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To fight inflation, Ada County raises property tax receipts, but property tax bills will not increase

Just like in the City of Boise, Ada County’s Board of Commissioners will be collecting more property taxes next year, but your bill will likely go down.

Yes, you read that correctly. It might seem like screwy math, but wading into the world of Idaho’s property tax system is never simple.

Last week, all three commissioners voted for a roughly $374,000 million budget to power Ada County in the upcoming fiscal year. This money will cover everything from weed and pest abatement, the court system, and the Ada County Sheriff’s Office. In order to keep pace with rising costs for fuel, staffing, food, and utilities, commissioners opted to raise property tax collections by 2.3% and take in collections for new construction in the county for another $6.6 million in revenue.

By law, local governments in Idaho are only allowed to increase their property taxes by a maximum of 3%, bringing Ada County’s increase below the maximum they would be allowed to take. The board did not take property tax increases in the past two years.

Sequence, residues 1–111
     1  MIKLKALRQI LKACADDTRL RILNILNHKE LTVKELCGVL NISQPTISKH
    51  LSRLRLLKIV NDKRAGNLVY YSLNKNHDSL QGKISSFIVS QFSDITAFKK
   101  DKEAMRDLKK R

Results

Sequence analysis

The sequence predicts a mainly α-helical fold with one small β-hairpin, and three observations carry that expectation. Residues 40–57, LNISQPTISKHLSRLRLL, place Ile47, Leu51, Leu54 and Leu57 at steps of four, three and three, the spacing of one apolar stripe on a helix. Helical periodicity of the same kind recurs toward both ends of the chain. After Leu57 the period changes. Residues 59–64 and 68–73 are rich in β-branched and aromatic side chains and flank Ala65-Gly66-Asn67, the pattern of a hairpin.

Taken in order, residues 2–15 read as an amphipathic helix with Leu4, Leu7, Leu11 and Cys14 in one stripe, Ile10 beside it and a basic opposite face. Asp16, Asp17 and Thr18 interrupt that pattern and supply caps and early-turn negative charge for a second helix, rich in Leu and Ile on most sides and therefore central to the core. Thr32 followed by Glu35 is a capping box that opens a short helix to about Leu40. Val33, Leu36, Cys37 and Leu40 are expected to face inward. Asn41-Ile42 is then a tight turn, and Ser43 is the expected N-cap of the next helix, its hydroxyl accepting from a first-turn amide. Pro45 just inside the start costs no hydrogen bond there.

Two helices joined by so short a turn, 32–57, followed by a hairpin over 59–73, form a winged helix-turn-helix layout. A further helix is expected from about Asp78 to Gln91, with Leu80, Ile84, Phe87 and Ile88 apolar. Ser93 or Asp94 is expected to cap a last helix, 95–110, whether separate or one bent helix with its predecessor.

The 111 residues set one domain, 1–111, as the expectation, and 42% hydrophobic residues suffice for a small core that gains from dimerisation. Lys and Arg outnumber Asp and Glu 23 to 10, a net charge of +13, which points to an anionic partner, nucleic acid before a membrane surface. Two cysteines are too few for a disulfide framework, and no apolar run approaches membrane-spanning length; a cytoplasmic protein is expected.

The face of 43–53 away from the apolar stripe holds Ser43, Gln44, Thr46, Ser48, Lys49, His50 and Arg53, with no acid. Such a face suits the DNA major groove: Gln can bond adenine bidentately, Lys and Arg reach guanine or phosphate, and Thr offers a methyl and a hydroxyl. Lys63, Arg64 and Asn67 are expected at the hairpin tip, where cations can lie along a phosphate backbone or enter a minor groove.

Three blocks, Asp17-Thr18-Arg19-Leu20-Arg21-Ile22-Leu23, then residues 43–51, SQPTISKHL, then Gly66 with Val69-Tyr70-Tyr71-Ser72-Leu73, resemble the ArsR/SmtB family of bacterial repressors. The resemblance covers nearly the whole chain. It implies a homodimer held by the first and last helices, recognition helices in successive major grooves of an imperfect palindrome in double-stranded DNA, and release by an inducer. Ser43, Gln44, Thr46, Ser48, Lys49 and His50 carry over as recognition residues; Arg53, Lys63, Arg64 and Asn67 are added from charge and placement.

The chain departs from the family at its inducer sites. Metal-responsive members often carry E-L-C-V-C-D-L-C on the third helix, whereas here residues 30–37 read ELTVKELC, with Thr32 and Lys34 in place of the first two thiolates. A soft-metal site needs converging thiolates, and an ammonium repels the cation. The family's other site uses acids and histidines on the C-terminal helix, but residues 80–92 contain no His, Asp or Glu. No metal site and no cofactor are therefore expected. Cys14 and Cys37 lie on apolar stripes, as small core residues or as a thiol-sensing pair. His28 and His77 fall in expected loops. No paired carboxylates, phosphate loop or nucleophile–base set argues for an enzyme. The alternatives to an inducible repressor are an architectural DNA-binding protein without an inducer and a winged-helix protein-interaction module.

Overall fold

But, property tax bills will still go down because residential property values fell in the past year. This time last year, the median price for a home in Ada County was $520,000. This year it’s down to $438,000, which means homeowners are paying a lower share of the tax burden than they were previously, pushing some of the burden back onto commercial property owners.

The drop in assessment value for homes netted a 12% drop in tax bills for residential property owners. It translates into a decrease of about $68 in the Ada County portion of an individual’s property tax bill. The average county portion last year was $560 compared to $492 this year. Plus, this number could go down even further once the impacts of the new property tax package passed by the Idaho Legislature go into effect.